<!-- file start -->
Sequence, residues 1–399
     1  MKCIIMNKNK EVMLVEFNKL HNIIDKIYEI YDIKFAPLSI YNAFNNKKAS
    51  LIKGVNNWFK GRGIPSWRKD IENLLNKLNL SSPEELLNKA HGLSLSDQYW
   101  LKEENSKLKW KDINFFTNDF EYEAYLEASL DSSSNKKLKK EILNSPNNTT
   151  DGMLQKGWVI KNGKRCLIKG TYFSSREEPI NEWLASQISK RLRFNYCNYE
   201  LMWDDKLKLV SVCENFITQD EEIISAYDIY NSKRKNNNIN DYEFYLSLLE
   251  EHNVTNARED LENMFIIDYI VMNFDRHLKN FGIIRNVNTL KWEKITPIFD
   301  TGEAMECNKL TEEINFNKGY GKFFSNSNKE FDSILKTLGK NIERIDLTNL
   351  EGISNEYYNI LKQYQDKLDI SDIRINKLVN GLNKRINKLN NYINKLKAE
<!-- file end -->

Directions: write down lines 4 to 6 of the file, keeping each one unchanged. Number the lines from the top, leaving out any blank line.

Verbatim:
   101  LKEENSKLKW KDINFFTNDF EYEAYLEASL DSSSNKKLKK EILNSPNNTT
   151  DGMLQKGWVI KNGKRCLIKG TYFSSREEPI NEWLASQISK RLRFNYCNYE
   201  LMWDDKLKLV SVCENFITQD EEIISAYDIY NSKRKNNNIN DYEFYLSLLE